Ein-des-ein Team Interviews: Meet Yehor Skliarenko
Today we are starting a series of articles dedicated to our smart, inspiring, and talented ein-des-ein (or EDE) family! We love that behind all the monitors and emails there are vibrant personalities. Meet Yehor Skliarenko, our Project Manager, the soul of our ein-des-ein office in Dnipro.
Please tell us about yourself. What is your position at the company?
I have been working as a Project Manager for 2 years. I am the person who is in constant communication with the client. I am practically the face of the company. (smiles) Usually my work consists of elements of communication, planning, and reviewing any project related documentation.
How did you decide to become a project manager?
Previously I worked in the department of educational projects for a big agency. In fact, it was a big long-term project with a 1-year life cycle starting over and over again. After 5 years of interesting social work, I felt that it was no longer enough for me. I decided to join a young and rapidly developing company. I knew Michael (note: Michael Chepurniak, CEO of ein-des-ein) well so we could talk frankly about my goals.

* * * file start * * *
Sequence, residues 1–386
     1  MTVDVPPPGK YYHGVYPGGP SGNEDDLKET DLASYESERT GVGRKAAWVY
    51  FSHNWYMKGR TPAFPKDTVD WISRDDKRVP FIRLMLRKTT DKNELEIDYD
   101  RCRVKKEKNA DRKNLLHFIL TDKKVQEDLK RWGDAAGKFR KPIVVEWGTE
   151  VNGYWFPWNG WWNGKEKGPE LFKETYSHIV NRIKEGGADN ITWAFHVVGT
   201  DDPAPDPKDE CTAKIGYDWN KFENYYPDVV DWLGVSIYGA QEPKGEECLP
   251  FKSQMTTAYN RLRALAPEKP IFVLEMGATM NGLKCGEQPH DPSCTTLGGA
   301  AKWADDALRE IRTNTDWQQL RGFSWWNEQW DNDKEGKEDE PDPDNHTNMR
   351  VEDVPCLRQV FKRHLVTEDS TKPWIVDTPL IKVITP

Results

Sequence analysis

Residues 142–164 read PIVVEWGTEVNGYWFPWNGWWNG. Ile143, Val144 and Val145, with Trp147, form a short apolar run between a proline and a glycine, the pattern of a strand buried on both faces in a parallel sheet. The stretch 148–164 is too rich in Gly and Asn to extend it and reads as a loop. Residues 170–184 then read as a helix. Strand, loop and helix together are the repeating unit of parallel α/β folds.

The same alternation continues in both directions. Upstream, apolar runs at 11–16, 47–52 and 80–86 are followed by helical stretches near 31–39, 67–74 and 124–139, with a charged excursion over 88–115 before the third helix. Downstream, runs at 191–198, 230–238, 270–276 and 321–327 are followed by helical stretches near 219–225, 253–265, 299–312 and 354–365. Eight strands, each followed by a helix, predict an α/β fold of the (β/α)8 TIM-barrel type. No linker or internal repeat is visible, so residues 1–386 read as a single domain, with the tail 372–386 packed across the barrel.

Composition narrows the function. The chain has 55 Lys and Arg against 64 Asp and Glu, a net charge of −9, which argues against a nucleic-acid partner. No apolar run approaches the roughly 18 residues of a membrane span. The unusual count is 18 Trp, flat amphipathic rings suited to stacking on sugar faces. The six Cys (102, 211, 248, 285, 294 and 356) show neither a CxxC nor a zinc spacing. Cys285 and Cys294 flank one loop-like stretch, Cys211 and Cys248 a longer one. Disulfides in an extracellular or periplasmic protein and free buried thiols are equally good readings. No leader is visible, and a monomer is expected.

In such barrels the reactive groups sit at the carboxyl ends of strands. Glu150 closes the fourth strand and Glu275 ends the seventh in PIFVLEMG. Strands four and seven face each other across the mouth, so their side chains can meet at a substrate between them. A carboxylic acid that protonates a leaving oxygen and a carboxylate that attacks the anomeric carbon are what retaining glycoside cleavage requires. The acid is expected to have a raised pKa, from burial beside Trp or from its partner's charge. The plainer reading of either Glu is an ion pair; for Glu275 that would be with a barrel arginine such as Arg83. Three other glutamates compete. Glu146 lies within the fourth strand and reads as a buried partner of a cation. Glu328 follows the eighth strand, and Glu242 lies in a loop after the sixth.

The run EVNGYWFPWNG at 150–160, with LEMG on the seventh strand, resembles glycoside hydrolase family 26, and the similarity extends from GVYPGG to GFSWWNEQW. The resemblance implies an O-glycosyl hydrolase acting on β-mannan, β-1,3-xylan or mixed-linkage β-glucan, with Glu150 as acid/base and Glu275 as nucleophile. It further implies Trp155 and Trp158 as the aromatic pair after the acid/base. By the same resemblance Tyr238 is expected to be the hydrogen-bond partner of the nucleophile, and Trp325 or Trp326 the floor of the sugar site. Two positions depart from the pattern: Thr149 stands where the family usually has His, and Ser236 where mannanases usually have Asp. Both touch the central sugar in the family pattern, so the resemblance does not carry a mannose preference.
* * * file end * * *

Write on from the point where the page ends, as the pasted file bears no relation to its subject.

I had a great desire to learn new things and lead interesting projects. Michael told me, “You know, it’s so easy! It’s like taking a bike ride through the forest. The bike is on fire. And the forest is on fire. But you keep going!”. This joke seemed too real for me for the first three months of work: I had been spending days and nights reading about SCRUM, Agile, team management. When I got my first projects with ein-des-ein, I was learning from my own mistakes. Now I have got a lot of experience and knowledge.
What does your typical work day at the EDE office look like?
Oh, we don’t have typical days, there is always something interesting happening here at ein-des-ein! (smiles)
You jump into the call, then replace another manager at a meeting, then you take part in the brainstorming process with a designer, etc., etc., etc.
Usually my day starts with e-mails and schedule check, then I have daily meetings with the teams. I communicate with clients, designers and developers. I also prepare reports, decompose tasks, hold meetings and review finished parts of applications/websites/platforms before demos with our customers. Of course, spending coffee breaks with colleagues is a good part of my day. (smiles) I also like to go out for a coffee to clear my mind after the morning briefings.